The University of Nebraska Press was named Reader’s Choice Best Western History Book Publisher for 2015 by True West Magazine.

Three UNP titles were finalists for the CASEY Award for Best Baseball Book of the Year:

The Chalmers Race: Ty Cobb, Napoleon Lajoie, and the Controversial 1910 Batting Title That Became a National Obsession by Rick Huhn

Jackie and Campy: The Untold Story of Their Rocky Relationship and the Breaking of Baseball’s Color Line by William C. Kashatus

Mover and Shaker: Walter O’Malley, the Dodgers, and Baseball’s Westward Expansion by Andy McCue continued on page 16



Continued from page 15

Four UNP books won 2014 Nebraska Book Awards:

Haven’s Wake by Ladette Randolph was selected for the Fiction honor.

Black Print with a White Carnation: Mildred Brown and the “Omaha Star” Newspaper, 1938– 1989 by Amy Helene Forss was the Non-Fiction: Biography winner.

Witness: A Húŋkpapȟa Historian’s Strong-Heart Song of the Lakotas by Josephine Waggoner, edited and with an introduction by Emily Levine, won for Non-Fiction: Reference. The book also won the 2014 Dwight L. Smith (ABC-CLIO) Award from the Western History Association, given for a significant bibliography or research tool on any aspect of the history of the American West.


The Last Days of the Rainbelt by David J. Wishart took the award for Non-Fiction: History.

The Horse Lover by Alan H. Day and Lynn Wiese Sneyd was named a winner of the New Mexico Arizona Book Awards in the Biography category.

Outside the Bible: Ancient Jewish Writings Related to Scripture edited by Louis H. Feldman, James L. Kugel, and Lawrence H. Schiffman won the 2014 National Jewish Book Award for Scholarship.

Death Zones and Darling Spies: Seven Years of Vietnam War Reporting by Beverly Deepe Keever was named the One Book One Nebraska selection for 2015. The honor celebrates the state’s literary heritage and encourages community dialogue.

The winner of the 2015 SABR (Society for American Baseball Research) Seymour Medal is Mover and Shaker: Walter O’Malley, the Dodgers, and Baseball’s Westward Expansion by Andy McCue. The Seymour Medal honors the best book of baseball history or biography published during the preceding calendar year.

Seymour Hersh: Scoop Artist by Robert Miraldi won the Ann Sperber Biography Award, which was established to promote and encourage fine biographical works that focus on a media professional.

Tales from the Deadball Era: Ty Cobb, Home Run Baker, Shoeless Joe Jackson, and the Wildest Times in Baseball History by Mark S. Halfon won the fourth annual SLA Baseball Caucus Readers’ Choice Award, given for baseball-themed books based on readability, quality of research, organization of the book, and writing quality.



Winning in Both Leagues by J. Frank Cashen: “At a time when baseball books have the heft and solemnity of presidential biographies, J. Frank Cashen’s posthumously published account of his career in Major League Baseball delivers a refreshingly compact and unpretentious change of pace.”—Henry D. Fetter, Wall Street Journal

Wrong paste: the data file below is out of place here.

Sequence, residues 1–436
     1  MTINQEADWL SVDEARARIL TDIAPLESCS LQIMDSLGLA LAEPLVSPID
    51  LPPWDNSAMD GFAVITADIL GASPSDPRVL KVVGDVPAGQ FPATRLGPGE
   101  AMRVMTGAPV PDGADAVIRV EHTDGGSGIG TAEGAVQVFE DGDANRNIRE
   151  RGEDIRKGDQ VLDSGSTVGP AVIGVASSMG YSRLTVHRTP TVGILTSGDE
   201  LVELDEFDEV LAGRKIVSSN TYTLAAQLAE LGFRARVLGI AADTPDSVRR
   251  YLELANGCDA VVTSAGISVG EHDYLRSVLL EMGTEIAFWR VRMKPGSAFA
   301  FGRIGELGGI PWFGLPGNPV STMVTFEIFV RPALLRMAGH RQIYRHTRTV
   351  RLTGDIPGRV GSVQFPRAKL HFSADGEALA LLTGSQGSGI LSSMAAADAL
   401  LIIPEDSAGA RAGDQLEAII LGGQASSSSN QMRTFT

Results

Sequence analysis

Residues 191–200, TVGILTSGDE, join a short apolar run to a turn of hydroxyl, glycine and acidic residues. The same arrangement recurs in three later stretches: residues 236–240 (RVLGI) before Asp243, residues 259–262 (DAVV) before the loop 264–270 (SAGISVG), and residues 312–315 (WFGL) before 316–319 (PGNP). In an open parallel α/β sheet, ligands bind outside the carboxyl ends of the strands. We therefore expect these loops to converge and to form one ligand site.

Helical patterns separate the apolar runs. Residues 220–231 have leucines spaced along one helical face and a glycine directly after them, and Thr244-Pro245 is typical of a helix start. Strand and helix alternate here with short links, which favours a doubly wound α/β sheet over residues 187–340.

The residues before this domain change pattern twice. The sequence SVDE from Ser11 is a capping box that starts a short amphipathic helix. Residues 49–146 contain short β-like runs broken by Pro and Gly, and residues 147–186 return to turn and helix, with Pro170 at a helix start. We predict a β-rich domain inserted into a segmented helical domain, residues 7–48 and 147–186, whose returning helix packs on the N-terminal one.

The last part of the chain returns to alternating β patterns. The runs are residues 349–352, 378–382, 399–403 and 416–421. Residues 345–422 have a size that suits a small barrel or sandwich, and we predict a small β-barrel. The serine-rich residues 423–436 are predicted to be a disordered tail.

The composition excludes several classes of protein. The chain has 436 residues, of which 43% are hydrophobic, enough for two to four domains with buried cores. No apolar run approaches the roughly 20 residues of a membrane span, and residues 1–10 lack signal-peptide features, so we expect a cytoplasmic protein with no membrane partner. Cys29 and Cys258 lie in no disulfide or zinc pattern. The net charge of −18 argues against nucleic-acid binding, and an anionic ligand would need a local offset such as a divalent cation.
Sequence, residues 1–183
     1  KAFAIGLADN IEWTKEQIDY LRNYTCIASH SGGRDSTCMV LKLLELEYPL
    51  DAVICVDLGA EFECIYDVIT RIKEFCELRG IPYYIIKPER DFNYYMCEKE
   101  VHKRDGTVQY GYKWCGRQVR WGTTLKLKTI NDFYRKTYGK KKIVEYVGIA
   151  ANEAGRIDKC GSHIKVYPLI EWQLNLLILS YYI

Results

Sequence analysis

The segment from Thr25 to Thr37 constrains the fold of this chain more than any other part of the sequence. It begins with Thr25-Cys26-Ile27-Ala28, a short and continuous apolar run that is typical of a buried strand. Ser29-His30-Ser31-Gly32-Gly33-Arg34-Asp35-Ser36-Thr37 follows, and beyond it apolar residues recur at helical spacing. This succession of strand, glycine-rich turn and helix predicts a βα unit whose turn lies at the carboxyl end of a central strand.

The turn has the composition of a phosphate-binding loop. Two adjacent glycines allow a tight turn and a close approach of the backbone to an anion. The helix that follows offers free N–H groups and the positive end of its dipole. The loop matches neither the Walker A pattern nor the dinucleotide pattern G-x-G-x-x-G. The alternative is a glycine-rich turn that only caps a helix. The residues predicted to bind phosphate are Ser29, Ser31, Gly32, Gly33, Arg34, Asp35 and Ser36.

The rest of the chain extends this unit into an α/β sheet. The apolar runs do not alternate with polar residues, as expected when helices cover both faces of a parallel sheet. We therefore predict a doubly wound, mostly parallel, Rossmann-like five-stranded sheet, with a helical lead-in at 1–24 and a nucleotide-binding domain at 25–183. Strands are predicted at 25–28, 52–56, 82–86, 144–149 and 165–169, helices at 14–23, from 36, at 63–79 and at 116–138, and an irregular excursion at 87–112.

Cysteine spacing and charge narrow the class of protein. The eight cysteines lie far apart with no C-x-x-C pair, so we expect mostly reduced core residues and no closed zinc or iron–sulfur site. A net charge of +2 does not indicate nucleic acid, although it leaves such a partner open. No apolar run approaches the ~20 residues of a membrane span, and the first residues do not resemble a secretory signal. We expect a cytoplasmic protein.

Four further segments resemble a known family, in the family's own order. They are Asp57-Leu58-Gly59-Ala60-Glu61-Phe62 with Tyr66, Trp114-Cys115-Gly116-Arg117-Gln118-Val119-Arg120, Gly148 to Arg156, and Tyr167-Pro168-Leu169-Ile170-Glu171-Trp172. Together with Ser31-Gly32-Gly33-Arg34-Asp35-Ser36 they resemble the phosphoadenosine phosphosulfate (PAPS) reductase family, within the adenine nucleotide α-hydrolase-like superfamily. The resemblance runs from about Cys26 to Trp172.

The Colonel and Hug: The Partnership that Transformed the New York Yankees by Steve Steinberg and Lyle Spatz: “[A] well-researched treasure of a book that not only chronicles the two men behind the game’s most iconic team, but the nation they helped shape as well.”—Kirkus

Cheated: The UNC Scandal, the Education of Athletes, and the Future of Big-Time College Sports by Jay M. Smith and Mary Willingham: “Cheated sounds an important call for reform.”—Gregg Easterbrook, Wall Street Journal “A definitive insider’s account of the fake-classes scandal at basketball powerhouse University of North Carolina. . . . Those who care about the soul—and economics—of the $16 billion-a-year college sports industry should clear their reading calendar for Cheated.”—Paul Barrett, Bloomberg Business


Unrivaled: UConn, Tennessee, and the Twelve Years that Transcended Women’s Basketball by Jeff Goldberg: “[T]he story of one of sports’ greatest rivalries. . . . Highly recommended for basketball and collegiate sports fans as well as readers interested in learning about this important era in women’s history.”—Katie McGaha, Library Journal

Shenandoah: A Story of Conservation and Betrayal by Sue Eisenfeld: “Eisenfeld writes about Shenandoah the way Annie Proulx writes about Wyoming or Edward Abbey about the deserts of the Southwest: pristine, unsentimental, eloquent prose.” —Kirkus Reviews

Manassas: A Battlefield Guide by Ethan S. Rafuse: “This guidebook explores the campaigns of Manassas like no other. . . . Well written and dashed with analytical twists both thoughtful and helpful, Dr. Rafuse’s work is by far the best of its kind.”— John Hennessy, civilwar.com

So, How Long Have You Been Native? Life as an Alaska Native Tour Guide by Alexis C Bunten: “Bunten has created an enjoyable mix of ethnographic study and personal memoir in this account of navigating the cultural contradictions and tensions of being a Native Alaskan tour guide and anthropologist.”— Publishers Weekly

Llewellyn Castle: A Worker’s Cooperative on the Great Plains by Gary R. Entz: “[R]ichly detailed and even suspenseful. . . . Llewellyn Castle is a surprisingly epic history of the cooperative political and economic world view that spanned the nineteenth century and formed the bedrock of the Anglo-American radical tradition.”—Adam-Max Tuchinsky, Journal of American History

This Strange Wilderness: The Life and Art of John James Audubon by Nancy Plain: “A succinct, absorbing narrative that is well researched, meticulously documented, and beautifully written. The excellent color illustrations include photos and sketches as well as many paintings.”—Carolyn Phelan, Booklist “Like Audubon’s paintings, this volume ‘glow[s] with life.’ A superb introduction to the life and times of a great American artist and naturalist.”—Kirkus

Railroad Radicals in Cold War Mexico: Gender, Class, and Memory by Robert F. Alegre: “[A] fascinating book that provides an original, well-documented perspective on modern Mexico.”—A. Vergara, Choice continued on page 21